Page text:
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"I love being a nurse because I have the honor of connecting with my patients during some of their best and some of their worst days and making a difference in their lives is among the most rewarding things that I can do in my own life" - Tenesia Richards, RN
From ushering new life into the world to holding the hand of a patient as they take their last breath, nurses are everyday heroes that deserve our respect and appreciation.
To give back to this community that is always giving so selflessly to others, CeraVe® put out a call to nurses to share their stories for a chance to be featured in Heroes Behind the Masks, a digital content series shining a light on nurses who go above and beyond to provide safe and quality care to patients and their communities.
First up: Tenesia Richards, a labor and delivery nurse working in New York City who, in addition to her regular job, started a community outreach program in a homeless shelter that houses expectant mothers for up to one year postpartum.
Tenesia | Heroes Behind the Masks presented by CeraVe www.youtube.com
Upon learning at a conference that black mothers in the U.S. die at three to four times the rate of white mothers, one of the widest of all racial disparities in women's health, Richards decided to take further action to help her community. She, along with a handful of fellow nurses, volunteered to provide antepartum, childbirth and postpartum education to the women living at the shelter. Additionally, they looked for other ways to boost the spirits of the residents, like throwing baby showers and bringing in guest speakers. When COVID-19 hit and in-person gatherings were no longer possible, Richards and her team found creative workarounds and created holiday care packages for the mothers instead.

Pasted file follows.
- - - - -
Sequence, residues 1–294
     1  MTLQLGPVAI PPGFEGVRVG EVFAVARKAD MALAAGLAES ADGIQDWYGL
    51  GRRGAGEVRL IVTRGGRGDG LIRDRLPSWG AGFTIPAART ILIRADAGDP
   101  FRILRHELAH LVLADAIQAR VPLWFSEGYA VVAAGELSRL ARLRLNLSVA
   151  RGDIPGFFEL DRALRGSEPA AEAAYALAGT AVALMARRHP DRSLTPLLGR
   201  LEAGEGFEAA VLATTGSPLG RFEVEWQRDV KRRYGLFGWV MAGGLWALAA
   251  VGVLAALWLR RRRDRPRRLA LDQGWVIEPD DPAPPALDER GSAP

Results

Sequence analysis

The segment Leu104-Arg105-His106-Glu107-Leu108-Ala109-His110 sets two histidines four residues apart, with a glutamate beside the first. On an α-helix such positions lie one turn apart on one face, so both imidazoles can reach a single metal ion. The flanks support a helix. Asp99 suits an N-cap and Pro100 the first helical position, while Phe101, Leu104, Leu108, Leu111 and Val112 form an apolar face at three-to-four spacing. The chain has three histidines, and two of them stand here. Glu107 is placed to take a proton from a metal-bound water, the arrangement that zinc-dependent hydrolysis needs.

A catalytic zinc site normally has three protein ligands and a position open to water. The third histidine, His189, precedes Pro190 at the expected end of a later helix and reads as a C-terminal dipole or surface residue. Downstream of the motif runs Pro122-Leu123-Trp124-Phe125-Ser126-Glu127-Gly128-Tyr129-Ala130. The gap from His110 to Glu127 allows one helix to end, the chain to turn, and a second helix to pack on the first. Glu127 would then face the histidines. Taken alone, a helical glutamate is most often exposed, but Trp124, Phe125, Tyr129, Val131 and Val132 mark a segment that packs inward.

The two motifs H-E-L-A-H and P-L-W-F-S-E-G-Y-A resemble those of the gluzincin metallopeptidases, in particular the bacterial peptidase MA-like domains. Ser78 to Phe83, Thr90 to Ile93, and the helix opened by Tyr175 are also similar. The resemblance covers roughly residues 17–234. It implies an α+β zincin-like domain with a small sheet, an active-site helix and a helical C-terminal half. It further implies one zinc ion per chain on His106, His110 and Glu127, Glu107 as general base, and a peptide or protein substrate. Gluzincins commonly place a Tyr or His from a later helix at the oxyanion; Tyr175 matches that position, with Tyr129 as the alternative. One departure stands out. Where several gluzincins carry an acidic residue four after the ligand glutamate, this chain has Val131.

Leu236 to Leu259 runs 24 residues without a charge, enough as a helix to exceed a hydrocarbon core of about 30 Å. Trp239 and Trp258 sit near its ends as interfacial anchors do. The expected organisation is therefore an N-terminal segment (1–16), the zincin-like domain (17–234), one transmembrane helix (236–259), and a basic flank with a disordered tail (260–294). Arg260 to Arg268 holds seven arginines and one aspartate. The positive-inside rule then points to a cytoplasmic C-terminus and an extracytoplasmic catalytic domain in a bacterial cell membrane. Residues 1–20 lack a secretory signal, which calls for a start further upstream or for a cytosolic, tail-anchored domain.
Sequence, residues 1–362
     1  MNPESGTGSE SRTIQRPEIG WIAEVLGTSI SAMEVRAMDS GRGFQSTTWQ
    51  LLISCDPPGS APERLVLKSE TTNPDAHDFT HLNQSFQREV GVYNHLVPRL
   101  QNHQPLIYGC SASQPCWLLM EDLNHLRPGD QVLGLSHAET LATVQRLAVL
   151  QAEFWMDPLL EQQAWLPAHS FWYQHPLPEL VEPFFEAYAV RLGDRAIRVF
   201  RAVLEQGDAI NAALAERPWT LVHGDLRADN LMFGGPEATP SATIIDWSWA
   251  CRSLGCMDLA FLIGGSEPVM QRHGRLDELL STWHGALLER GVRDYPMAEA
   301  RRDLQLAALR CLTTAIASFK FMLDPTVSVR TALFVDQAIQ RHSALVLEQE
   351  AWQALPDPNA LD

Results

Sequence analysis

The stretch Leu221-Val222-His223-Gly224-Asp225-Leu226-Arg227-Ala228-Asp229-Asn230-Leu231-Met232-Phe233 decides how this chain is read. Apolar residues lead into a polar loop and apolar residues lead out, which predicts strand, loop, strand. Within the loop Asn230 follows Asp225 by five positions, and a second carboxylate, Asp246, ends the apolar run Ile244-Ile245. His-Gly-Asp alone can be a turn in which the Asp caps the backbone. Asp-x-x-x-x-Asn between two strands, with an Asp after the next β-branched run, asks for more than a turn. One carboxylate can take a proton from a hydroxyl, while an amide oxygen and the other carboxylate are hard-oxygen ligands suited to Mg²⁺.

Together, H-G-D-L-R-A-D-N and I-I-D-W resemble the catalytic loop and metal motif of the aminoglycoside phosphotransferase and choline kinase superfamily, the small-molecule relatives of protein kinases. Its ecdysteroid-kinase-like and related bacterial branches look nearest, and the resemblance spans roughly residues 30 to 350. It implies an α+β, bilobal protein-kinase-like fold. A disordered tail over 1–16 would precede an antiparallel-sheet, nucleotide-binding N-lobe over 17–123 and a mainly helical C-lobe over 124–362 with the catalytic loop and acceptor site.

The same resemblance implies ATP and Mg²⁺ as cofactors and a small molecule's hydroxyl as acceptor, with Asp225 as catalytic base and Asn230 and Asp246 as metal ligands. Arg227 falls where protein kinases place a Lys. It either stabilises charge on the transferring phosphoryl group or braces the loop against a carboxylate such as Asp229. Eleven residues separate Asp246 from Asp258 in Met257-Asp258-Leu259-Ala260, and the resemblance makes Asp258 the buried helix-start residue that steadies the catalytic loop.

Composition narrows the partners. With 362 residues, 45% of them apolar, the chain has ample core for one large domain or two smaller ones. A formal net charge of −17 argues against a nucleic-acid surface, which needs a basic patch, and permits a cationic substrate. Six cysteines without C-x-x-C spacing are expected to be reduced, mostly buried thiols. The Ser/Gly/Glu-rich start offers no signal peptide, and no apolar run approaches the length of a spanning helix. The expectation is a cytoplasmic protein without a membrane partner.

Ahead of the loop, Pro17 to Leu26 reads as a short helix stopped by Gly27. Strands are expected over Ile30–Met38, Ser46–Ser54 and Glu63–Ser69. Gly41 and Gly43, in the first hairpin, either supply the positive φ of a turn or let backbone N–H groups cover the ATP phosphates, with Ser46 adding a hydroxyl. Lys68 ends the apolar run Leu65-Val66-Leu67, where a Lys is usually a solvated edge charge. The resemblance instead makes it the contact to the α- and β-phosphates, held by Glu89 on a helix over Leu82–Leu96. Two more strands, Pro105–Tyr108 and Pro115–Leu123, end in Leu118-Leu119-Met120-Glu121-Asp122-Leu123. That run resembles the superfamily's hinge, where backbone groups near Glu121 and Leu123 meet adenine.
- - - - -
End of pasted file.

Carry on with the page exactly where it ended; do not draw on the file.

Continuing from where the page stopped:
"The packages were personalized to each mother with their names, a hand-written love note from the nursing team and items based on their pregnancy stage (which trimester, pregnant/postpartum) including newborn items (bottles, pacifiers, diapers, wipes, toiletries), toiletries and maternity clothes from the mother, as well as self-care items (journal, uplifting reading books, aromatherapy). My favorite part of the care package was hand-made quilts created by an 80+ [year old] retired doctor."
Courtesy of CeraVe
Continuing with her service, Richards is currently working on starting a non-profit organization, Our Mommas Heal, an expansion of the work that she's already doing in the community. "Our goal is to be the advocates for these at-risk mothers by connecting them to the necessary resources to ensure they have a high-quality, safe, equitable, uncomplicated pregnancy and delivery: education, other organizations like nurse family partnership, vetted health care providers," said Richards.
As a dermatologist-developed brand rooted in the medical community, CeraVe® is committed to supporting and celebrating healthcare professionals like Nurse Richards. Richards' story is the first of four we'll be sharing in the coming weeks.
As part of its commitment to nurses, CeraVe® is also a proud sponsor of the ANA Enterprise and their Healthy Nurse, Healthy Nation™ initiative, a movement designed to transform the health of the nation by improving the health of the nation's 4.2 million registered nurses. Through the initiative, ANA is connecting and engaging with nurses to inspire them to take action in five key areas: activity, sleep, nutrition, quality of life, and safety.
Additionally, over the past year, CeraVe® has donated more than 500,000 products to hospitals to help provide therapeutic skincare relief to healthcare workers and is continuing the product donation efforts. Nurses looking to engage with the brand and learn more about these initiatives can join the Shift Change: Nurse Essentials Facebook group, an online community hosted by CeraVe® where nurses come together for personal and professional empowerment.
To see more stories about nurse heroes, visit www.heroesbehindthemasks.com/.